Will Ospreay is a divisive figure in wrestling – the “flippy guy” who found success around the world, his style is an acquired taste and I’ve found myself torn between loving and hating his work in equal measure.
The first Will Ospreay match that blew me away was Velocity Vipers vs The London Riots as they faced each other at PROGRESS Chapter 2 in 2012.
Just over ten minutes into the match, Alex Esmail starts to favour his leg in what would turn out to be a career-ending injury and Will Ospreay spends the final third of the match on his own against two big bruisers, and what a performance he gives.
From there, Ospreay was, for me, one to watch. As a fan of technical wrestling and displays of power, Ospreay was anathema to what I usually watch in wrestling. I described him, in conversation, as a fireworks display – the sort of thing that’s impressive when you watch it, but you don’t think about it after that. I called him “the McDonald’s of wrestling” – you might like it but you’ll want something else half an hour later.
All this and I still couldn’t stop watching him and seeing an evolution in his ability that kept me coming back. Over the years, I’ve seen (both live and online) his fantastical work with the likes of Mark Andrews, Jimmy Havoc, Paul Robinson, Marty Scurll, Pete Dunne, Ricochet, KUSHIDA and others. I’ve seen him go from the guy who had standout matches to the guy who told standout stories.
Then, I listened to the first Flash Morgan Webster Wrestling Friends podcast where, alongside his two Swords of Essex stablemates, he buried those who had criticised him. This was Ospreay at his seemingly most arrogant and, occasionally, angry, and it vexed me. This isn’t the Will Ospreay who would later speak to Chris Jericho on the Talk is Jericho podcast with Bea Priestley. He’s proven himself, on many occasions, to be funny, eloquent, with a wonderfully laddish sense of humour who is loving life and loving Bea.
When he’s not in the ring, telling the story that he has to tell, he speaks his mind and that can make him his own worst enemy. Anyone who follows his Twitter account will see that he occasionally sees injustices, be they social or business based, and speaks out. He’s entitled to speak his mind, it’s his opinion and he never professes to be a master of all things, yet he has such a presence in wrestling that he often finds himself the focus of outrageous responses. People don’t ignore what he says, they jump on it; they either praise or vilify his words, just like many of us have done with his wrestling over the years.
Like many British wrestling fans, we’ve followed Will Ospreay around the world, maybe not in person but thanks to the power of the Internet. He’s broken away from tag team wrestling to chart his own destiny and taken Paul Robinson and Jimmy Havoc, a divisive figure in wrestling himself, to extremes. He’s become the centre of a Twitter storm with Vader and delivered a consistent series of career-defining performances at NJPW and in PROGRESS, amongst other places, and become a centrepiece of WCPW/Defiant. And, when you look at the timeline for this, you realise what we’ve really seen isn’t a poorly written fictional character that writers have only just realised how to use, this is a capricious kid who has grown into a young man who has done it in front of us all.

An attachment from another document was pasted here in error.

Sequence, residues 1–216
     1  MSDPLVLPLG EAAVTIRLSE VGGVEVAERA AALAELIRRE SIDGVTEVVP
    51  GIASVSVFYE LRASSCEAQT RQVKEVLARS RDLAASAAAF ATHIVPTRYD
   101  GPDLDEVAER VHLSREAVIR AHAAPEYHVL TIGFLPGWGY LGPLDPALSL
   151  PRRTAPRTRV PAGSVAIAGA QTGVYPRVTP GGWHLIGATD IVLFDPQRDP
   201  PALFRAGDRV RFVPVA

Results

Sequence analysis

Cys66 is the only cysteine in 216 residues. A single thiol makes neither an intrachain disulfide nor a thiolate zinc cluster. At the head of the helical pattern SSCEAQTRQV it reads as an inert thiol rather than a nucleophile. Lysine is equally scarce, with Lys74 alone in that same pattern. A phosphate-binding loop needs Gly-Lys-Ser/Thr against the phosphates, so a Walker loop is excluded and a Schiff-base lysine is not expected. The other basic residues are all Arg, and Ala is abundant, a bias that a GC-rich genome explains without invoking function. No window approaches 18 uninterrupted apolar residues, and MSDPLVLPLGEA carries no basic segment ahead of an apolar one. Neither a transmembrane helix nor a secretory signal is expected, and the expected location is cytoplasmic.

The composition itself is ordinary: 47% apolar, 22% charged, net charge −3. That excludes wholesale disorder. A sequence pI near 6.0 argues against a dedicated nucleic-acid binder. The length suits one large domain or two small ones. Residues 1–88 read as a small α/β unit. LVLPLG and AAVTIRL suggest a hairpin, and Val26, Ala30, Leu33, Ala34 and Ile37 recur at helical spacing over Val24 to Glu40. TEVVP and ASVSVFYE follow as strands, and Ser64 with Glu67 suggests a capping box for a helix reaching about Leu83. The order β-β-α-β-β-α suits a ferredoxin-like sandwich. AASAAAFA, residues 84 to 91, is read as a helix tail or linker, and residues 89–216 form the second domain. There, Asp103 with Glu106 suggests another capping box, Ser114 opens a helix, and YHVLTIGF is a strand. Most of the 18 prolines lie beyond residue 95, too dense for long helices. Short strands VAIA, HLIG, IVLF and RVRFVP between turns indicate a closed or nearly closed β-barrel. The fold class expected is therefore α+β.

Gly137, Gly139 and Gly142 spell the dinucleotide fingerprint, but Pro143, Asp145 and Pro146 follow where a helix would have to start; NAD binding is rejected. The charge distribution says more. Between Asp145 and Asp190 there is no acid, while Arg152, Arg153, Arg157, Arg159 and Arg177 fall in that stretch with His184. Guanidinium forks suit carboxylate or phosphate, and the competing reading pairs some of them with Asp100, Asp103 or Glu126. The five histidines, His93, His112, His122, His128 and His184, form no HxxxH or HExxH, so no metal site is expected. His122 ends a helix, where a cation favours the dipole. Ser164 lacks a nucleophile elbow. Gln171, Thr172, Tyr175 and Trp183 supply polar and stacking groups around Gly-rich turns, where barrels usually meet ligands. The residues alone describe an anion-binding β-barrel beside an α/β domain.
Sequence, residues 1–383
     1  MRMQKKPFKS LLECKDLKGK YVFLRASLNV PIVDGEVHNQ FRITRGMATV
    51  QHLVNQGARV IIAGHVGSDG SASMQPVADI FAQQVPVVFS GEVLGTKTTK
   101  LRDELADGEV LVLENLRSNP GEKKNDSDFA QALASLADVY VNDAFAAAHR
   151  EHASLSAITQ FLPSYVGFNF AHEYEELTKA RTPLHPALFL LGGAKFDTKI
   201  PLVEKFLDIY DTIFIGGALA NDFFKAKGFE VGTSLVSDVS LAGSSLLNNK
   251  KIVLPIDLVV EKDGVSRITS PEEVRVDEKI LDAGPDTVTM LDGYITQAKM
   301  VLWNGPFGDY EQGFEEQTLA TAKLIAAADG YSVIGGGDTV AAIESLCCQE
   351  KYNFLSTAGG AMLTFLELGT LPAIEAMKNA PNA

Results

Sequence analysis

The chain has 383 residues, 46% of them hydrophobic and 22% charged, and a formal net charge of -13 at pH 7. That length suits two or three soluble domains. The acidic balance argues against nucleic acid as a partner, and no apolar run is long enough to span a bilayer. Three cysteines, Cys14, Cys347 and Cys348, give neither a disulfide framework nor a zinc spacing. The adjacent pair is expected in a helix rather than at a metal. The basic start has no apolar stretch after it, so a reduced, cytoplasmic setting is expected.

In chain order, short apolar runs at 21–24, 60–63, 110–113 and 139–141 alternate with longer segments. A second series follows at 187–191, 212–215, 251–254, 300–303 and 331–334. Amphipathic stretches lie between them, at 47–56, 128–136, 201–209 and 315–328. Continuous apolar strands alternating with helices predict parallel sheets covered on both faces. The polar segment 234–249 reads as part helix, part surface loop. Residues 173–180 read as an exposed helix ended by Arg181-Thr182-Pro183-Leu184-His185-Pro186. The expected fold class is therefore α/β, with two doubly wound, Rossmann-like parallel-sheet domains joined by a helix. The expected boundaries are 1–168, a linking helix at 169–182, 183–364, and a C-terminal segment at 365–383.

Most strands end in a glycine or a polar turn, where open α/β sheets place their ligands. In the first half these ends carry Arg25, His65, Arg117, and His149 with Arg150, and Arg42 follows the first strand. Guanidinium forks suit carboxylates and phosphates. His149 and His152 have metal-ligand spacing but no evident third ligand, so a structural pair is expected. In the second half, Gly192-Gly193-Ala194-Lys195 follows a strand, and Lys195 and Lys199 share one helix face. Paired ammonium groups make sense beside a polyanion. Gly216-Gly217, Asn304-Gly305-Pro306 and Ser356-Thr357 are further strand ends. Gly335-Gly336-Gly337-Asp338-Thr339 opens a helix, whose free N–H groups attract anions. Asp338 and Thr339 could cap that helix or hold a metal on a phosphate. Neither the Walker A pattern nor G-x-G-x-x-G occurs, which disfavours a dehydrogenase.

He may not be the archetype of a British wrestler, but he never claimed to be. He has an intensity of ambition that few can match and it’s ambition that has taken him around the world and turned him into an astute businessman. He’s the backyarder with big ambitions who has done what many dream about yet few achieve in the UK – he’s living his dream on a global scale. It’s also a dream that has led to the rise and fall of his own company (the partnership that was Lucha Forever is available on Demand Progress) and, from this, like the Phoenix, he has created Frontline Wrestling and hopes to learn from past mistakes.
Learning from past mistakes… surely, that’s a commendable skill. And, he certainly has. Looking at his work since his NJPW debut, this is a reborn Will Ospreay, harking back to his idea of evolution. He strikes with precision and has developed a psychology of his own. He looks like he could really hurt you in multiple ways and he’s in the best shape of his career. He still moves with a style that some have compared to Cirque Du Soleil and that Dave Meltzer suggested would put him in a wheelchair, but this is a man who, as with everything he does, takes calculated risks that pay off wherever he appears and whatever he does.
He took the anger of Vader, the criticism over his performances with Ricochet and the consternation over his style and turned them into positives. He might as well have said “so what?” because he knew that we were all watching and talking about him (and that recognition spread to the podcasts of some of the best-known names in wrestling). He was getting the recognition he wanted and he was getting the type of exposure that many can only wish that they would get in their careers, and all before he turned 25 (which he did, in May 2018). He’s a marquee performer where every match becomes a must-see event and it’s easy to see why that self-confidence may tip over into an arrogance that frustrates. He’s a product of his own success, success borne of criticism and tempered by self-belief.
Is he reckless? Anyone watching him would certainly think so. But, take the time to watch more than the GIF and you see a great showman who is a supreme example of athleticism – you can see, in his work, an artistic gymnastic skill that wouldn’t look out of place in the Olympics, a presentation that harks back to his theatre background, an intensity that has driven him throughout his career as he defies all expectations and will, one day, when he’s ready, lead him to the WWE.